Abraham Lincoln said, “If I had eight hours to chop down a tree, I’d spend six sharpening my ax.” Solomon elaborates: “If the axe is dull and he does not sharpen its edge, then he must exert more strength.” Eccl. 10:10 It’s the same principle.

Tires can get worse. Yesterday an adult daughter stopped in for a visit. As I walked her to her car I noticed that a tire looked low. The tire gauge confirmed only 10 pounds of pressure. “I just put air in that tire last week”, she remarked about the first car she’s ever owned. A quick look showed an embedded nail with a slow leak. Most insurance consumers are like my daughter: have a slow leak, don’t recognize it, just keep adding air (premiums).

Is it time for you to balance and align your tires, or at least remove the nails? Those that take the time to “balance their tires” with an insurance checkup save a lot of money and enjoy a smooth ride. But you must be like my father: find a shop with skills learned over multiple generations and make adjustments.

That’s our purpose: a specialty shop with 50+ years experience (two generations) that doesn’t sell policies, to guarantee objectivity and clear vision. When you drive out of our shop, you should have the smoothest ride possible- the right amount, the best value the marketplace offers.

It’s better to call and not need it, than need it and not call. I’ll talk to anyone about their situation for 10-15 minutes without charge…or you can just keeping adding air.

The Most Common Lie in Insurance Sales – Case Study #8

One purpose of IIA is to shine light on deceptive sales practices in the insurance industry in order to help consumers spend their premium dollars more efficiently. After my last two cases I can say what is the most frequently spoken mistruth in the sales context. Its plausibility disarms consumers yearning for help and it’s glibly uttered or implied in most interviews: “I will recommend what’s best for you.”

This tendency was observed by Solomon millennia ago. In Proverbs 20:6 he writes, “Many a man proclaims his own loyalty, but who can find a trustworthy man?” Two adjectives contrast the frequency of loyalty to another’s best interest. Many claim it, while few provide it.

In the first case an agent was trying to sell an oral surgeon a large cash value policy for asset protection. (Cash values are exempt from malpractice suits.) I had reviewed the proposed policy and discouraged it (wrong priority; better policies), but my client wanted me to hear the sales pitch firsthand. “When I talk to the agent it sounds so good, I want you to hear it to be sure I’m not missing out.” So the client, agent, and myself had a conference call for well over an hour.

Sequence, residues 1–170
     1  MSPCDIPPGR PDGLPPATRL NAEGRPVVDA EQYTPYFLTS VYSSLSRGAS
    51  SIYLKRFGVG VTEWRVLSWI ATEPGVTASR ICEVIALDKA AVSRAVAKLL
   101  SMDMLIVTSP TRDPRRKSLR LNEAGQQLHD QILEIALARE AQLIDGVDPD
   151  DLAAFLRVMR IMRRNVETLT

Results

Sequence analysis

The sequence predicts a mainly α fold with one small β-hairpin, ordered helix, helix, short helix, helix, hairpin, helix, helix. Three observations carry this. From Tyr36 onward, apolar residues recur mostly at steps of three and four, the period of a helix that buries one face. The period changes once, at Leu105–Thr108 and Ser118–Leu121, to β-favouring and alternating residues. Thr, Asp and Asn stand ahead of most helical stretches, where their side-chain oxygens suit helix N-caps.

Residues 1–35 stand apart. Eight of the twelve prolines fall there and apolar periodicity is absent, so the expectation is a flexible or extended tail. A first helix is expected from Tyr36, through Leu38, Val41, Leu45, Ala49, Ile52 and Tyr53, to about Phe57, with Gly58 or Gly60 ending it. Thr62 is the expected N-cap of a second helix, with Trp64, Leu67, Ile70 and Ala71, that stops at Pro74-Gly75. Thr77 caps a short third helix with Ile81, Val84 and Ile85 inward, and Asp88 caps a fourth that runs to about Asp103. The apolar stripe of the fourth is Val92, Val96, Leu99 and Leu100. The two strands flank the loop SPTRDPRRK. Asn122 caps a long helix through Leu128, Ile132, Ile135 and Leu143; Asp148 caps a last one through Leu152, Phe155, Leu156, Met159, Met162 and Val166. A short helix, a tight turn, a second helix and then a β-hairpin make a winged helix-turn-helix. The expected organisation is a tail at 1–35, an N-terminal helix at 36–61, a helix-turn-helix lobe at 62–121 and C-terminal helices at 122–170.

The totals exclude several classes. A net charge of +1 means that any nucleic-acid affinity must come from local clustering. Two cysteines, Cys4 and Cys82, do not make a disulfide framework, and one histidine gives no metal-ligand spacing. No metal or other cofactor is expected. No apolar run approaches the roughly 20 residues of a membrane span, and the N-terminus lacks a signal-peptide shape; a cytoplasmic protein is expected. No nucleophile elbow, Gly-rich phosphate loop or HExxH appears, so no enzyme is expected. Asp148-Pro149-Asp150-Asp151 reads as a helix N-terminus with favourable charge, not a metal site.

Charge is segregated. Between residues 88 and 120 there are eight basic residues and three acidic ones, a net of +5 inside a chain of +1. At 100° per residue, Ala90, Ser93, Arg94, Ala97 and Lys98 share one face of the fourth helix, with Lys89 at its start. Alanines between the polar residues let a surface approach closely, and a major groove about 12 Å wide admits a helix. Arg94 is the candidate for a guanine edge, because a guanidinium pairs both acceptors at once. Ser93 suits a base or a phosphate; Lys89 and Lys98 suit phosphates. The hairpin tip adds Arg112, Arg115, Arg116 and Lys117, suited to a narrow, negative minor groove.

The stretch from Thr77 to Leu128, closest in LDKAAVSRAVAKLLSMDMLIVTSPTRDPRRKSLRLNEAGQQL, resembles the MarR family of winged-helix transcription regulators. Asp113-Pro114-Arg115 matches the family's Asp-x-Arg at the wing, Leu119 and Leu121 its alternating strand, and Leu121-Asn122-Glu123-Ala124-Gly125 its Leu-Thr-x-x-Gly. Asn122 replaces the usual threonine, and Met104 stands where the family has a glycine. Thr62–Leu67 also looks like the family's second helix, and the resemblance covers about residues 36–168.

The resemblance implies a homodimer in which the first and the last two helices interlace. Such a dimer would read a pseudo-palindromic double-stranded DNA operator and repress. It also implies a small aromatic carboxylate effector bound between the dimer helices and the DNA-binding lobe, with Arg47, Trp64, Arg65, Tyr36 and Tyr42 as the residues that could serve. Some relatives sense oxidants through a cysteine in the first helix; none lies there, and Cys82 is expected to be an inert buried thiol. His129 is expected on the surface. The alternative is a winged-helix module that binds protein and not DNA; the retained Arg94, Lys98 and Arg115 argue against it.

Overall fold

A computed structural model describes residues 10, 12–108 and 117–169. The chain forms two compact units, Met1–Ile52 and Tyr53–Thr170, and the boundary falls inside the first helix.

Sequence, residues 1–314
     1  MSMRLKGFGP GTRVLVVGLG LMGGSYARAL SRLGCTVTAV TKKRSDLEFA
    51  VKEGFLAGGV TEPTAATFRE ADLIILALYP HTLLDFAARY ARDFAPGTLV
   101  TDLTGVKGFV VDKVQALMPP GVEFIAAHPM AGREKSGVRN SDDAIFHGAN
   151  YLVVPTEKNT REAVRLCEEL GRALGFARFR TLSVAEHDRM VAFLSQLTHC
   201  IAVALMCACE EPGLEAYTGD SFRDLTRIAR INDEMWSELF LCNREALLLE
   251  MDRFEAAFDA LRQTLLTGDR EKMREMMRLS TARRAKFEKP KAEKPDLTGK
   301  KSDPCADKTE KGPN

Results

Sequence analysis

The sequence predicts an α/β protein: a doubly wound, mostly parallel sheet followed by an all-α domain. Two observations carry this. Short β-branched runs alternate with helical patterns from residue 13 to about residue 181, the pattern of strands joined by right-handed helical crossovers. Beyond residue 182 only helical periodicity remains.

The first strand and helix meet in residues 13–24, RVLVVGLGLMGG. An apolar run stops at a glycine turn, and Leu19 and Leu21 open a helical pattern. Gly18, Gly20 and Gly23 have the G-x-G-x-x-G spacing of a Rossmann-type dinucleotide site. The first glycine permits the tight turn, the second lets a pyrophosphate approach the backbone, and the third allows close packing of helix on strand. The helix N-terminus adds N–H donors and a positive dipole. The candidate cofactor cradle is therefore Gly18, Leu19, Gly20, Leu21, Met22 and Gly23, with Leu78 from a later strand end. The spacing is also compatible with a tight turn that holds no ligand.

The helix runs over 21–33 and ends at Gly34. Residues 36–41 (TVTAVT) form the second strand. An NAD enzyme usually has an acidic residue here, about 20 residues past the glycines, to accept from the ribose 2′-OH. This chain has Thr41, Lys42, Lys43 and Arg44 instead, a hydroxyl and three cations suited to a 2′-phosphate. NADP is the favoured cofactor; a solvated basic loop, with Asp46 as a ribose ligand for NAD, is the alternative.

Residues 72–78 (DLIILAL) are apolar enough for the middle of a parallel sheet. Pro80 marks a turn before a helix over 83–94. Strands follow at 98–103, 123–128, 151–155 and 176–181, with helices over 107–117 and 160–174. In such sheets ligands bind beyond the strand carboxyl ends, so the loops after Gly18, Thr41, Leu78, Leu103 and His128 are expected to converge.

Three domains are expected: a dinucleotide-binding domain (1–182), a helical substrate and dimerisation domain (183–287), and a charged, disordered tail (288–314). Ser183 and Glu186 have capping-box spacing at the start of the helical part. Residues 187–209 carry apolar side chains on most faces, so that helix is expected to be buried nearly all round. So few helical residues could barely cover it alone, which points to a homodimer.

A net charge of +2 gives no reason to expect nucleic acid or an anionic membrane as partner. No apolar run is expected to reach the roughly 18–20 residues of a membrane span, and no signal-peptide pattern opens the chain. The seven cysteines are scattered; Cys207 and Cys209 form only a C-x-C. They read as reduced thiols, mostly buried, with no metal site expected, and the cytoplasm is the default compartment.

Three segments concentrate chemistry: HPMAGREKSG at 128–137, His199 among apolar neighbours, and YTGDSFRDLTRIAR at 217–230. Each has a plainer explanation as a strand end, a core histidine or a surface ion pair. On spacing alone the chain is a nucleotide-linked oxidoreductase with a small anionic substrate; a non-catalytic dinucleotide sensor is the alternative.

The agent was pleasant and persuasive. I can see how my client, who did not understand the alternatives and was fuzzy on appropriate priorities, could be drawn in. The agent said multiple times, “We need to do what’s best for (client) “. His recommendations were not.

The stakes for the agent were high (a 10K commission) so I expected resistance. When I finally showed an alternative (a last ditch effort for illustration only, not as a recommendation) with a second year cash value of 34K compared to his policy’s cash value of $700, the agent was undaunted, persisting his policy was better. This surprised me, but such denial of the obvious highlighted the disparity between the claim (to “do what is best”) and the recommendation.

The second client shipped me brochures and charts from a financial planner recommending a poor value annuity and cash-value life policy. The “planner” never even evaluated the client’s current policies, one of which was a good value (right type, strong company, lower rates) that met his need much better than the proposed policy. Scattered through the literature was a plethora of claims such as “client’s interests are to be placed first and foremost” and “employees agreed to act in an ethical manner, and with integrity.”